Creativity is in short supply, research reveals
Creativity in the retail and consumer sectors is severely lacking, according to recruitment and talent management company, Futurestep.
Research from the group revealed that creativity was cited as the competency in shortest supply, identified by more than one five organisations (21 per cent), while a further 24 per cent named it as one of the skills that are most difficult to develop in new recruits.
The findings were disclosed as part of Futurestep's annual talent study, surveying more than 1,500 learning professionals across five continents and looking at attitudes towards measuring the impact of talent.
With the economy still in a gloomy state, Futurestep has identified creativity as paramount to success. The view is supported by more than a fifth of businesses, with 21 per cent naming it among the most valuable competencies of retail sector talent. Despite this, 70 per cent of respondents reported that they have no budget for innovation.
Discussing the creativity predicament, Jonathan Brown, EMEA RPO operations director at Futurestep, said: "The creativity crisis that we are seeing in retail is being heightened by the economic climate. Budgets for innovation are squeezed, making creativity with limited resources even more vital.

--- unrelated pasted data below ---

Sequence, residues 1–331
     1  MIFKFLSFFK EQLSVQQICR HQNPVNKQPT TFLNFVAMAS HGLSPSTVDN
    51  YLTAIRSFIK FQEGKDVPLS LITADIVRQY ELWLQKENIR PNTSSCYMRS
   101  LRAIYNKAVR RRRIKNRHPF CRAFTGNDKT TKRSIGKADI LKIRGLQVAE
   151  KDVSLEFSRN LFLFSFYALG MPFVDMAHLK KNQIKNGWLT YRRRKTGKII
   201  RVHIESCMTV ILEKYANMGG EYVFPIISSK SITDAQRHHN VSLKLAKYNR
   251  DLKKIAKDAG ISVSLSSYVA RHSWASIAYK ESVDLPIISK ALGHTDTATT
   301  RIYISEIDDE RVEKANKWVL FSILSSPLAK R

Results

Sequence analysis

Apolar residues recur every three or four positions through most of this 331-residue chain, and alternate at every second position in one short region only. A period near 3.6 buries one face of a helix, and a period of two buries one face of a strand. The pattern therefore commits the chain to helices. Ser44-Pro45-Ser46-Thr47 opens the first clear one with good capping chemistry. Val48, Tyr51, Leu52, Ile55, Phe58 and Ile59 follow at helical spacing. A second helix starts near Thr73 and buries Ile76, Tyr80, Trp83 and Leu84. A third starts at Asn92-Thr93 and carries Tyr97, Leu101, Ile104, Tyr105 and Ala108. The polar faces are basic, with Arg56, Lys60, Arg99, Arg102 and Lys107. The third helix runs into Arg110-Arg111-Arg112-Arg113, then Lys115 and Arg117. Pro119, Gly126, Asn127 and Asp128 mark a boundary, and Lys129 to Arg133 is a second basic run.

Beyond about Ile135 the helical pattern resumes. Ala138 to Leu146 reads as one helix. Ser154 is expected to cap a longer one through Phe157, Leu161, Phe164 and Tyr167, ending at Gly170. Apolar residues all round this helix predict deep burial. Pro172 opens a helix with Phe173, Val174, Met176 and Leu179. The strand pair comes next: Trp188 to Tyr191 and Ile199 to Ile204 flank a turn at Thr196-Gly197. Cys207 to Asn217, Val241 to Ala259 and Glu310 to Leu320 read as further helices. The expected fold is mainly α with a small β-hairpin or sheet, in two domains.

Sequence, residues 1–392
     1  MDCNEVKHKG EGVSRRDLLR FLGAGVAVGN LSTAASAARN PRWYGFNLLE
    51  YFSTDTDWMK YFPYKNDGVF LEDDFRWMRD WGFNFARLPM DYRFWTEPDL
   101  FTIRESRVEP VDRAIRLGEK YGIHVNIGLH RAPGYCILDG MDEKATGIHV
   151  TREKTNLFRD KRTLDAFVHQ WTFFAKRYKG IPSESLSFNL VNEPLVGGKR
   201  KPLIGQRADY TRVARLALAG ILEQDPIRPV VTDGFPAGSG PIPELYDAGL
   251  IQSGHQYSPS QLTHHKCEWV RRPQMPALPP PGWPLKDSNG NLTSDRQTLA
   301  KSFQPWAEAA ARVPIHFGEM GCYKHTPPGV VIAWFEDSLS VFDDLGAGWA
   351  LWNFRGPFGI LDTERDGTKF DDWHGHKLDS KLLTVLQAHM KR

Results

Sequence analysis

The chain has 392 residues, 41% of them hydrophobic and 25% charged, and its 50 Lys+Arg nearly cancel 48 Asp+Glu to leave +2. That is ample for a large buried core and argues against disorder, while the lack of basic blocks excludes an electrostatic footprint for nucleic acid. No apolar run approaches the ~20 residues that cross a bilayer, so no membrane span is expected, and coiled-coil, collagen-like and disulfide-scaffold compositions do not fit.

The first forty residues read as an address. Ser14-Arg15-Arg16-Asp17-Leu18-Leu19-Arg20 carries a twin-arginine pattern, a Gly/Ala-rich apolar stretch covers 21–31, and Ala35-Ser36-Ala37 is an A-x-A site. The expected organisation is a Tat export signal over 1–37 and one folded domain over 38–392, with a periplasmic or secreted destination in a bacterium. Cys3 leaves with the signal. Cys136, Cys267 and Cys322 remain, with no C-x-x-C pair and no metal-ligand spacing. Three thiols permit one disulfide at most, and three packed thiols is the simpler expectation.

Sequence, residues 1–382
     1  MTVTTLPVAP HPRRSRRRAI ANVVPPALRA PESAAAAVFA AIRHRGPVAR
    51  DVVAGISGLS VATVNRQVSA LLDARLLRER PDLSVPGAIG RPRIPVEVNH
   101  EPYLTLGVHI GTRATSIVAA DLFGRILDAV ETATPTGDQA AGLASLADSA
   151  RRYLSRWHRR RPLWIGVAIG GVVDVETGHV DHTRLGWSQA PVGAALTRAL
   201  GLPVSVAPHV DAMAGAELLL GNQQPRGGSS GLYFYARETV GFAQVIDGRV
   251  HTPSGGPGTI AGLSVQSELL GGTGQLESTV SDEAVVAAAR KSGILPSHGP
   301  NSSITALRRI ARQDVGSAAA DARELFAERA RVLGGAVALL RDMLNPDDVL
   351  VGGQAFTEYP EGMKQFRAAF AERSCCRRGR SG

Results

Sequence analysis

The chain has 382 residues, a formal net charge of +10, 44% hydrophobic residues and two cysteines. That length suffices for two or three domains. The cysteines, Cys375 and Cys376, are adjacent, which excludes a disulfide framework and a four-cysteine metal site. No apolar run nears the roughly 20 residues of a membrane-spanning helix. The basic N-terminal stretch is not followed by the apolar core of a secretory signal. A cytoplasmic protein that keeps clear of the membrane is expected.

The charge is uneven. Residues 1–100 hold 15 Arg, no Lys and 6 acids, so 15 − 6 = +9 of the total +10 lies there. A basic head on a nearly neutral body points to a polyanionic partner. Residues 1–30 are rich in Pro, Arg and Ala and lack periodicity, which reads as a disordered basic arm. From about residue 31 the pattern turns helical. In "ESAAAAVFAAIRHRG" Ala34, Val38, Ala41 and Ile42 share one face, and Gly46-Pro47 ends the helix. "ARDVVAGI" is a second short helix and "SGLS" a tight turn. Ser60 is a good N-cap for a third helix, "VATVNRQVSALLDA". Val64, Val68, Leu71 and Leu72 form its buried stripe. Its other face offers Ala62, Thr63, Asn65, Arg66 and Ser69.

"The economic situation, however, makes creativity increasingly vital as competition for consumer spend is greater and the expectation of those consumers is higher. Apple is a prime example, reinventing the store in an approach admired by competitors. Retailers that are attracting top creative talent by maintaining a focus on innovation are reaping the benefits by differentiating themselves and creating a competitive advantage, not only in store but across multiple channels including mobile."
The global study found that customer focus is the most readily available competency among new retail hires, with a quarter of respondents (25 per cent) naming this as easy to find. Functional and technical skills were also cited by 20 per cent of organisations as the easiest competency to develop in new recruits, skills that pose a sharp contrast to the complexities of creativity.
Brown added: "The challenge for the retail and consumer sectors now is to adopt the mechanisms to address it the creativity crisis. An organisation is only as good as the people within it, so without this critical component many businesses may well struggle to deliver upon the high demands of the road to recovery."